It’s been a rather disappointing and busy week for me and I’m sure many of you, with Beijing handing down its decision on democracy in Hong Kong. My phone has become permanently grafted to my arm as I try to follow what’s going on.
Earlier in the week, I wrote a piece for the South China Morning Post and had a great chat with Noreen Mir on RTHK Radio 3′s 123 Show. If you missed them, check out the article here and the recording here.
It appears readers had a lot to say about the SCMP piece, with comments ranging from “hit the nail on the head” and “zeitgeist” to “baloney”. I’ve been called every name in the book (“another idiot suffering from affluenza”) and apparently there is a contingent of people who don’t want me back in Hong Kong again, like ever. The reactions raise a lot of interesting questions — questions that I think might have been quite similar to the ones Hong Kong faced pre-Handover, so I hope everyone keeps on talking.
Amid the disappointing news about Hong Kong, I got some comfort from an unexpected quarter: my mainland friends.
Over the past few days, several of them have told me Hong Kong was also in their thoughts. “We care,” they say, with one adding: “What happens you in Hong Kong also has implications for us in China.”
Tensions between Hongkongers and mainlanders have grown worse in recent years. You might recall the fracas over claims that Dolce & Gabanna permitted mainlanders to take photos of its Tsim Sha Tsui storefront, but not locals (to this day I’m still wondering why anyone would want to take photos of D&G’s storefront). Then there was the crowdfunded ad in a local newspaper decrying mainland “locusts” and more recently, Bladdergate — which, contrary to the name, involved a mainland woman allowing her child to defecate on the streets, riling residents.
These reports would have you think that all Hongkongers think mainlanders are just a bunch of D&G-toting parents with children who have a penchant for public urination.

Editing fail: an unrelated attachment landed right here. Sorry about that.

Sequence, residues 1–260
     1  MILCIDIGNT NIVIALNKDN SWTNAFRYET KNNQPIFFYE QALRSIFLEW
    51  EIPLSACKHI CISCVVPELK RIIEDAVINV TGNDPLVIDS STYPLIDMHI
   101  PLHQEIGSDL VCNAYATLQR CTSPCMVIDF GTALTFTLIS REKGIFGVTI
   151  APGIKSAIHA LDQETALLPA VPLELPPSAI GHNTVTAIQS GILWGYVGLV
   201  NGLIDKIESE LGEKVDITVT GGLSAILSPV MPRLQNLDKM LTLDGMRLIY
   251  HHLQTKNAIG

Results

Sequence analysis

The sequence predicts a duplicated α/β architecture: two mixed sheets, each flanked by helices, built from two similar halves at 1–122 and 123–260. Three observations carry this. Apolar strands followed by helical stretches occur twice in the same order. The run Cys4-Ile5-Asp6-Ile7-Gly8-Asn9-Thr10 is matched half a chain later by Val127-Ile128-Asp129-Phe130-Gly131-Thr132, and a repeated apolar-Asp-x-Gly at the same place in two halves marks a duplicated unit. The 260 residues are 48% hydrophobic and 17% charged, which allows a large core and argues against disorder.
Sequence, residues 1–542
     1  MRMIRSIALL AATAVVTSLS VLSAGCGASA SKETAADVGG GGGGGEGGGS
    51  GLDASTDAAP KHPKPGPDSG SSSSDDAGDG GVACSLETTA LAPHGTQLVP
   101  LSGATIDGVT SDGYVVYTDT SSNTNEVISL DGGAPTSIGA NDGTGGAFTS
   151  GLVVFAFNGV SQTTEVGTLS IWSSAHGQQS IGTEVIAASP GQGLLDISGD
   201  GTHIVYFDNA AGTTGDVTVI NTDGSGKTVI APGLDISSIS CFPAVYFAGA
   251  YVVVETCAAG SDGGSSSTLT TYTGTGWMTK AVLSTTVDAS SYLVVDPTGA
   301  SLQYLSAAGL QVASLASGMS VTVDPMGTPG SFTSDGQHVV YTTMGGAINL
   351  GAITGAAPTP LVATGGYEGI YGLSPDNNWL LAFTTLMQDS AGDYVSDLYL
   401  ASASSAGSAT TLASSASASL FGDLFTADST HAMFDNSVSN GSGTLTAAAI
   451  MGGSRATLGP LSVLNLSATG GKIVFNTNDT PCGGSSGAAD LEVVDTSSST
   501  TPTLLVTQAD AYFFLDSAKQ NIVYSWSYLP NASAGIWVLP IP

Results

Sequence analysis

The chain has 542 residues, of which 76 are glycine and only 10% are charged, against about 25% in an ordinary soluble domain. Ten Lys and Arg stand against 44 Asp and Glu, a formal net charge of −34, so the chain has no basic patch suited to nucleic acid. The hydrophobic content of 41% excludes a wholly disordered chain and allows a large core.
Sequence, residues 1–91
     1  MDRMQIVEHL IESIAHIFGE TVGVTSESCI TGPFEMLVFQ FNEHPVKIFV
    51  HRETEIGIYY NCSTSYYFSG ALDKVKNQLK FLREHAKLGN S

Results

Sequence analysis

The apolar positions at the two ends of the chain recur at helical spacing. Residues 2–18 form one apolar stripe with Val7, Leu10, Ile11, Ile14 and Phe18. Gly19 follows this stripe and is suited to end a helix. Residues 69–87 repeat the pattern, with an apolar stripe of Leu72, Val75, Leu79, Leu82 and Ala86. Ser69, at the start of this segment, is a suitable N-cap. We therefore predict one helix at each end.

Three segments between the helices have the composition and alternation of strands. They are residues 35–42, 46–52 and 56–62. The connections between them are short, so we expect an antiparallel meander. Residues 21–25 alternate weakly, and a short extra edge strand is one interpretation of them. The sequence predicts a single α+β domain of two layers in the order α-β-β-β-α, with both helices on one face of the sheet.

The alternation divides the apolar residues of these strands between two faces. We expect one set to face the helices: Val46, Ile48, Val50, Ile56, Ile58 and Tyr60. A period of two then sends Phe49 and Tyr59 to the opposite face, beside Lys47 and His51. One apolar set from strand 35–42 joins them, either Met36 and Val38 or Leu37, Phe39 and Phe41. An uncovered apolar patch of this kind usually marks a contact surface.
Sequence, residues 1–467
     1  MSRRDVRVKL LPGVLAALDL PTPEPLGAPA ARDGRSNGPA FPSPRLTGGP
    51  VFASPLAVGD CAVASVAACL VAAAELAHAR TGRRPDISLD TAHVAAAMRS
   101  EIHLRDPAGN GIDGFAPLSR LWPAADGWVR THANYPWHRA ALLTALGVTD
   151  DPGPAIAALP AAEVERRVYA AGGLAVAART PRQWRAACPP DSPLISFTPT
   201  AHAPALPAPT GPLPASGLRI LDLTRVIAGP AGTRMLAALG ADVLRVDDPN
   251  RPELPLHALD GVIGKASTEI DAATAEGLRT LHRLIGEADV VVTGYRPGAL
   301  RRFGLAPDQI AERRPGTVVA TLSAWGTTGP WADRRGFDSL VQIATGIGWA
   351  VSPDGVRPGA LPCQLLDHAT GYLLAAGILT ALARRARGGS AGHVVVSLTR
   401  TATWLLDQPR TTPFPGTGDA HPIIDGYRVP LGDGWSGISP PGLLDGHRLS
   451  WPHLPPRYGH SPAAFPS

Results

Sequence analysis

But these are some of the mainlanders that I know: a sassy woman who has managed to maintain a roaring banking career in addition to recently having a baby, a pensive photographer who doesn’t speak much but takes pictures worth a thousand words, a journalist at one of China’s most critical newspapers who can be kawaii one minute and giving the finger to censors the next by interviewing dissidents, a consultant who can disarm anyone with his gregarious charm, a student from a poor Guangdong family who struggled to learn Cantonese and English in her teens but went on to complete an English-language master’s degree in Hong Kong, and a researcher who can cook up some pretty amazing stewed pork with Sichuan peppers.
To my knowledge, none of them has ever allowed their child to defecate on the street, or tried to take photos of D&G.
Oh, and apparently mainlanders play a mean game of mafia. I discovered this recently when we reached deep into our inner geeks and played for three hours straight on a train. (Yes. A reprise mafia party could be in the works.)
So say what you will about Beijing, but when it comes to the Chinese, you won’t be able to get me to join in the bashing brigade. My beef is with the government, not the people. I’m glad that most of us know the difference. And for those who don’t, I’m going to have to introduce them to my friend’s Sichuan pepper pork.